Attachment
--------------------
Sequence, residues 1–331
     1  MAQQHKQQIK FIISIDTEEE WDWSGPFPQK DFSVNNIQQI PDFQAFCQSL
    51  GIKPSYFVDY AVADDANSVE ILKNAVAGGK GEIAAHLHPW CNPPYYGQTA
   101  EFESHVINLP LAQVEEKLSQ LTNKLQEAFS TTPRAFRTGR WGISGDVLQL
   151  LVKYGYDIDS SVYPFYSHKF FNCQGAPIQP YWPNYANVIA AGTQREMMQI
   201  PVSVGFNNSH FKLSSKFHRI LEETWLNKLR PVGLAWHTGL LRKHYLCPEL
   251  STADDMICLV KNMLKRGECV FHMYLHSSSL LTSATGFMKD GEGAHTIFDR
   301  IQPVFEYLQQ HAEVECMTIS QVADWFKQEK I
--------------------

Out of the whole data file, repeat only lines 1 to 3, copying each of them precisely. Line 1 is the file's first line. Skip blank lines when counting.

Sequence, residues 1–331
     1  MAQQHKQQIK FIISIDTEEE WDWSGPFPQK DFSVNNIQQI PDFQAFCQSL
    51  GIKPSYFVDY AVADDANSVE ILKNAVAGGK GEIAAHLHPW CNPPYYGQTA